# A functorial definition of a projective curve

Define a functorial scheme as in "Two functorial definitions of schemes".
Here there is one big problem.
We first need to define a projective scheme, but we also need a closed subscheme.
(cf. Projective scheme)
So The definition of a closed subscheme requires a structure sheaf.
However the definition of functorial scheme directly don't have a structure sheaf, therefore a closed subscheme is not defined.
For this reason, like Hartshorne, we also can't define projective morphism as a composition of closed immersion into projective space and natural projection because a closed immersion is not defined.

Is it possible to define a projective curve?
Is there a PDF or something that does that?

Thanks in advance.

• A closed immersion is the same thing as a proper monomorphism, which can definitely be defined from a functor of points perspective (see the `valuative criterion for properness) May 15, 2020 at 12:54
• Thank you very much for answering my questions. It seems that it is possible to define a projective scheme by defining closed immersion in terms of proper monomorphism and closed subscheme in terms of the scheme in which the closed immersion exists. May 16, 2020 at 3:50

## 1 Answer

Every projective curve admits a finite morphism to $$\Bbb P^1_k$$. Conversely, every $$k$$-scheme admitting a surjective finite morphism to $$\Bbb P^1_k$$ is one-dimensional. So if we can describe a surjective finite morphism categorically and figure out how to describe irreducibility in categorical terms, we're done.

As mentioned in the comments, proper morphisms can be defined using category-theoretic terms via the valuative criteria for properness. Surjectivity can also be checked categorically: $$f:X\to Y$$ is surjective iff for every field $$K$$ and $$y\in Y(K)$$, there is a field extension $$L/K$$ and $$x\in X(L)$$ whose image under $$X(L)\to Y(L)$$ is the image of $$y$$ under $$Y(K)\to Y(L)$$. If we can show that quasi-finiteness is a categorical property, then we'll be done as finite is proper + quasi-finite.

In order to check quasi-finiteness of a morphism $$X\to Y$$, it suffices to check that the fiber $$X_y$$ is quasi-finite for every point $$y\in Y$$. This is categorical: for any morphism $$\operatorname{Spec} K\to Y$$ where $$K$$ is a field, form the fiber product $$X_K:= X\times_Y \operatorname{Spec} K$$, and then count $$X_K(K)$$: if it's finite for all choices of $$K$$ and morphism $$\operatorname{Spec} K\to Y$$ then our morphism $$X\to Y$$ is quasi-finite.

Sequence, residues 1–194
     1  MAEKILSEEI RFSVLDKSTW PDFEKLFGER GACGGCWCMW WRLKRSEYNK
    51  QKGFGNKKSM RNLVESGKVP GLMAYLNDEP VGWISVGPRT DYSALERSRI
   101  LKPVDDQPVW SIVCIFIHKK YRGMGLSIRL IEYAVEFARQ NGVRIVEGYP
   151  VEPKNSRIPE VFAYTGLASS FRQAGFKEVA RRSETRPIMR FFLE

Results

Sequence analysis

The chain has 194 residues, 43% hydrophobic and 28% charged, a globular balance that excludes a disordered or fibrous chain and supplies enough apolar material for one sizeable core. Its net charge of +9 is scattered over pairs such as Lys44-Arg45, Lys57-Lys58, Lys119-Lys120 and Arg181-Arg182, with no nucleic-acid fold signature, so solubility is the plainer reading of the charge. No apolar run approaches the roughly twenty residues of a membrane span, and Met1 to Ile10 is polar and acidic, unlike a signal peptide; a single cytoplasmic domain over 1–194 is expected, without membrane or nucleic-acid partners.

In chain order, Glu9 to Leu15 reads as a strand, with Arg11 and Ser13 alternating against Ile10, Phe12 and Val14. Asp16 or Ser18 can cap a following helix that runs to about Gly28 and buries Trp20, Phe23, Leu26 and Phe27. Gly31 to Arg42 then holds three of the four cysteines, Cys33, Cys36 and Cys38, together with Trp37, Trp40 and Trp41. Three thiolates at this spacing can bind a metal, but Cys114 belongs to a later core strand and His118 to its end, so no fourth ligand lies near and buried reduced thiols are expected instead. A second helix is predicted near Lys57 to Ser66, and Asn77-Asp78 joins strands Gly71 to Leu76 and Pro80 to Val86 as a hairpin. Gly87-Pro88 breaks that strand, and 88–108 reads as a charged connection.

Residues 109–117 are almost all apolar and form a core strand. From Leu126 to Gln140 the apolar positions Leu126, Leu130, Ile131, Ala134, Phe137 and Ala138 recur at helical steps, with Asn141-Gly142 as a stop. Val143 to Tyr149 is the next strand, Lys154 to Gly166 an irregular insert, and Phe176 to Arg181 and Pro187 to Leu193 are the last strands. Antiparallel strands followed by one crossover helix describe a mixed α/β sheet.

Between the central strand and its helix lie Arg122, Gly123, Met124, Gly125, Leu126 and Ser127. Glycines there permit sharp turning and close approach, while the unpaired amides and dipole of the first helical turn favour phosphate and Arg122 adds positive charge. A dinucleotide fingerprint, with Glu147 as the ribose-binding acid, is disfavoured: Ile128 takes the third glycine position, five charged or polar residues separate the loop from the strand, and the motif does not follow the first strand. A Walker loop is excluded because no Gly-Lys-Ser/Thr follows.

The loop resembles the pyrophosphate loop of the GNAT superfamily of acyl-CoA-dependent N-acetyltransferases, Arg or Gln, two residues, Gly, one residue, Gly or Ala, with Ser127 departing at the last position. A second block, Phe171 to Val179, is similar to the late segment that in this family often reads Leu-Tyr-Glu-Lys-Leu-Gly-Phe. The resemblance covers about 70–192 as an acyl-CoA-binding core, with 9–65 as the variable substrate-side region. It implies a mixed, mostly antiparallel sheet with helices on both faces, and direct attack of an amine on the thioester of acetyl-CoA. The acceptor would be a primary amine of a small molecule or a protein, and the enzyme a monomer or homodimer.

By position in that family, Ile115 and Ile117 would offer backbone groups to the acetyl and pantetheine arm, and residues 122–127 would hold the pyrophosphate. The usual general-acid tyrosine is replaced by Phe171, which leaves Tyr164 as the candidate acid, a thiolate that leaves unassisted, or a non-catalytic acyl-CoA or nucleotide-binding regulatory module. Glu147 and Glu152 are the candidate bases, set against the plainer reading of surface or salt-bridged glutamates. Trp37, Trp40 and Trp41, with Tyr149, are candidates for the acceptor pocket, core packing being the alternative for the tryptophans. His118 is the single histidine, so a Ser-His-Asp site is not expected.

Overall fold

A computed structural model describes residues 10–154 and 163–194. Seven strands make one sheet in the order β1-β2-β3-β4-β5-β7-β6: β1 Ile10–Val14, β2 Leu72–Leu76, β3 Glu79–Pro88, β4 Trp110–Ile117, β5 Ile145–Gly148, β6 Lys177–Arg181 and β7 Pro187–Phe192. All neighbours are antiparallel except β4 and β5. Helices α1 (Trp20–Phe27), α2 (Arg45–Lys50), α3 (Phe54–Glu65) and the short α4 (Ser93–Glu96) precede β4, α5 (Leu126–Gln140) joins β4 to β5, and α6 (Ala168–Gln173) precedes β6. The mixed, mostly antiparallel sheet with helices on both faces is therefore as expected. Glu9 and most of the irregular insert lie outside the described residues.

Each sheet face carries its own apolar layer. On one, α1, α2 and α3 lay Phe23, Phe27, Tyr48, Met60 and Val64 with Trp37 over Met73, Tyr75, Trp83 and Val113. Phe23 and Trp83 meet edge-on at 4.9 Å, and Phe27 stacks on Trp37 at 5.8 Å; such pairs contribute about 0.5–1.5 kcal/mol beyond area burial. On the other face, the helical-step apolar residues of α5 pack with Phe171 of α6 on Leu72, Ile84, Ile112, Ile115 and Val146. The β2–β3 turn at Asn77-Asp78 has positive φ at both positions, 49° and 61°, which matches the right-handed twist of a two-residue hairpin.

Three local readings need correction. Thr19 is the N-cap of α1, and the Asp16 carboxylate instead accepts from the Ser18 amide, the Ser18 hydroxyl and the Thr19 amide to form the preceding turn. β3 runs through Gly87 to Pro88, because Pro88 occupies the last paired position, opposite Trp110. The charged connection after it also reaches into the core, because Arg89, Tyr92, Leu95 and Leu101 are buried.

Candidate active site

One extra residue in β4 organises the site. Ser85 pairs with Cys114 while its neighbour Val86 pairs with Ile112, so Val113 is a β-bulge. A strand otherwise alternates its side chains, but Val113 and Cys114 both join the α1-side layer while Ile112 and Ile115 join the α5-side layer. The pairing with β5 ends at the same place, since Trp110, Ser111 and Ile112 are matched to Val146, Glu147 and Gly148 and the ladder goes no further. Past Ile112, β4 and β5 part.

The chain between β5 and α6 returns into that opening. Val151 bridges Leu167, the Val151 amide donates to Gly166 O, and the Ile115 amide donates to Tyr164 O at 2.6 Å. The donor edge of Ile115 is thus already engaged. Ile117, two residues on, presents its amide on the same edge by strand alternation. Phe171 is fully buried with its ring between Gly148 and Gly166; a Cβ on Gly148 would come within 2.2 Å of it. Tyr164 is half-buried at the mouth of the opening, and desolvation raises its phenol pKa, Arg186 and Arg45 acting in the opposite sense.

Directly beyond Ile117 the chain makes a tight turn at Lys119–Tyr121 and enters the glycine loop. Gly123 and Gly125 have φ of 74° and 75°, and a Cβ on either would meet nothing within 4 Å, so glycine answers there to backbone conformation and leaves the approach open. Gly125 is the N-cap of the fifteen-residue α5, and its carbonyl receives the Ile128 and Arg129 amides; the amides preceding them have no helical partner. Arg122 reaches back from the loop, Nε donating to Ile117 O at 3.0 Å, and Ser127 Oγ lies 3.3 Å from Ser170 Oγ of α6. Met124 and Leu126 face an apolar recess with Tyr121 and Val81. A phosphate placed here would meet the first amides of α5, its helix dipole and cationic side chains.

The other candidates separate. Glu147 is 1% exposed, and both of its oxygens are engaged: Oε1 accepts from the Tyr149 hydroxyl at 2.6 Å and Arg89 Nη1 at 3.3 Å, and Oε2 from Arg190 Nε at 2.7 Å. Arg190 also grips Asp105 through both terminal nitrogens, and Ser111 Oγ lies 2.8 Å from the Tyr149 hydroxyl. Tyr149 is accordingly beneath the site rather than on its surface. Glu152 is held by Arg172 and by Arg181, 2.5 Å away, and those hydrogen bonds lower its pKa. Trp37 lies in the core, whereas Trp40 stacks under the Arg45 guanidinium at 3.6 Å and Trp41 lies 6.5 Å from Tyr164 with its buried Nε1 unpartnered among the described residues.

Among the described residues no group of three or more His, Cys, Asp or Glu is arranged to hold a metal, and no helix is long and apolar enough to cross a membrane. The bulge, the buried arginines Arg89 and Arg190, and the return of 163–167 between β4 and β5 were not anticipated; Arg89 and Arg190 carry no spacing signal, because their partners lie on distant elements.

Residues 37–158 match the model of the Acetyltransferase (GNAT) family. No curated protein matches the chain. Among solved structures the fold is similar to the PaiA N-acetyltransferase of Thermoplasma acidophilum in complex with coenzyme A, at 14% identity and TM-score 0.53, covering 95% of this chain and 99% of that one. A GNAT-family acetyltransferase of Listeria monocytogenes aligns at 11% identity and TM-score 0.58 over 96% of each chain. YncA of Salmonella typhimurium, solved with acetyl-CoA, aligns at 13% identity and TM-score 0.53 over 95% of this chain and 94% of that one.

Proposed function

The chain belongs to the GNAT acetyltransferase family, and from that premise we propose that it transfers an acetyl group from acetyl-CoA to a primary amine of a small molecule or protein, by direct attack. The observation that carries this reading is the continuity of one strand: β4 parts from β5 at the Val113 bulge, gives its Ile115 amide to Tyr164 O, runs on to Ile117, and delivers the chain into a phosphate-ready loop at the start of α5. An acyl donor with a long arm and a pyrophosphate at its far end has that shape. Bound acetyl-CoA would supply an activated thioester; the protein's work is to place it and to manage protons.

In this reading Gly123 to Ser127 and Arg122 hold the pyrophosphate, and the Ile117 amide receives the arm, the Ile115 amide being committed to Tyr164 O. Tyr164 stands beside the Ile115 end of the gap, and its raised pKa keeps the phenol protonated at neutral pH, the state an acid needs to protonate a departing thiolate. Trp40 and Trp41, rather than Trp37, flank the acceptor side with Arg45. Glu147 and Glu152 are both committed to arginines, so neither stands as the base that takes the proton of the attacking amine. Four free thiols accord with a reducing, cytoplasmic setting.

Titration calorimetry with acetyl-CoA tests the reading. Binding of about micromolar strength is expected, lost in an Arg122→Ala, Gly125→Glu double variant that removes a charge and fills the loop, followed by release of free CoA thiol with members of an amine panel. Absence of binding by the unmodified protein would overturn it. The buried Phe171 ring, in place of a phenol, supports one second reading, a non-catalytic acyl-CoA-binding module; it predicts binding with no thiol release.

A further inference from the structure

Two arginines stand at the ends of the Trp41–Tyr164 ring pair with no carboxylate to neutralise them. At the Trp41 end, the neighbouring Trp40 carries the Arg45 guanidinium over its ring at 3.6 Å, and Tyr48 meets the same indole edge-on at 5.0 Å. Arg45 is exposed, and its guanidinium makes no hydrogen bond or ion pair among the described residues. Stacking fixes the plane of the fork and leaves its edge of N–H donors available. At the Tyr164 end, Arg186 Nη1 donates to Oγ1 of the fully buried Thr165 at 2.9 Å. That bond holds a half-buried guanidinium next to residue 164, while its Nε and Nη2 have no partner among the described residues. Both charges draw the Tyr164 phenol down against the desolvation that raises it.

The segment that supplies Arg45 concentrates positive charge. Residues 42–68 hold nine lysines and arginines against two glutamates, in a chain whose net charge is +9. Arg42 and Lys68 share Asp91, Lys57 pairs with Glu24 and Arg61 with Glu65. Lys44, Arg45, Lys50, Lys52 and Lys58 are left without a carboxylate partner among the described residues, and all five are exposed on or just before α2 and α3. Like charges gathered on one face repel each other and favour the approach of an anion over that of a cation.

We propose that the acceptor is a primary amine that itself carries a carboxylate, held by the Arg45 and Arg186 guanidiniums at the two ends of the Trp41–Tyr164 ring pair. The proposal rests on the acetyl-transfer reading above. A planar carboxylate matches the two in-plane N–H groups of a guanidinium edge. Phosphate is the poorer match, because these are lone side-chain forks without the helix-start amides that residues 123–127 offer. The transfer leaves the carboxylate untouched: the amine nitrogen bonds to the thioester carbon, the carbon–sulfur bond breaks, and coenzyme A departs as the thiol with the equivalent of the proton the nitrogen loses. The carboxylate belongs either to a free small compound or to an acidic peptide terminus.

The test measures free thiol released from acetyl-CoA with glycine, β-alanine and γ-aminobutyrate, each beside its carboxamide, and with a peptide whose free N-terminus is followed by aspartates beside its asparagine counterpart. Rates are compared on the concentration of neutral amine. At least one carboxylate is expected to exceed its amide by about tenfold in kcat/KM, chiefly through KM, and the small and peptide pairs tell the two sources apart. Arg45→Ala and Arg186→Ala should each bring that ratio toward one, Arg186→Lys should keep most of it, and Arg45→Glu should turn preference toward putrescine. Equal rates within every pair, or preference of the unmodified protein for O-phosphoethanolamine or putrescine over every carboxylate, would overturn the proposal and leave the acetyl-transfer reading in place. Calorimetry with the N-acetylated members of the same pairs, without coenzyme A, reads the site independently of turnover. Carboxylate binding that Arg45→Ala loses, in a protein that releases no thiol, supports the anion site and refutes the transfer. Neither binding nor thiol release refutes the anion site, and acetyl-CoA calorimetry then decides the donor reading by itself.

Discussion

Now to figure out irreducibility. We can certainly detect connectedness via categorical data: a $$k$$-scheme $$X$$ is disconnected iff there exists an epimorphism $$X\to \Bbb A^0_k\sqcup \Bbb A^0_k$$. I claim that this is actually enough to detect irreducibility, too: a scheme $$X$$ is irreducible iff for every closed immersion $$Z\to X$$ we have $$X\setminus Z$$ is connected. As closed immersions can be described categorically and describing complements is also categorical, this shows that irreducibility can be defined using categorical data.

In summary, the projective curves over $$k$$ are exactly the irreducible $$k$$-schemes admitting a finite morphism to $$\Bbb P^1_k$$, and all of these conditions are purely categorical.

• Thank you for your answer! I think it's beautiful to be able to define a purely categorical projective scheme. It would be a waste that there is no textbook with this perspective. May 17, 2020 at 12:25
• @undertate You're welcome. Please note that I am not claiming there's no textbook that does this - personally I don't think about the functor of points perspective that much, so it's very possible there is a book that does this but I'm unfamiliar with it. If this answers your question, please consider accepting the answer via clicking the checkmark over by the votes. May 17, 2020 at 19:08
• I understand. I will try to find it.And, I voted. May 18, 2020 at 13:47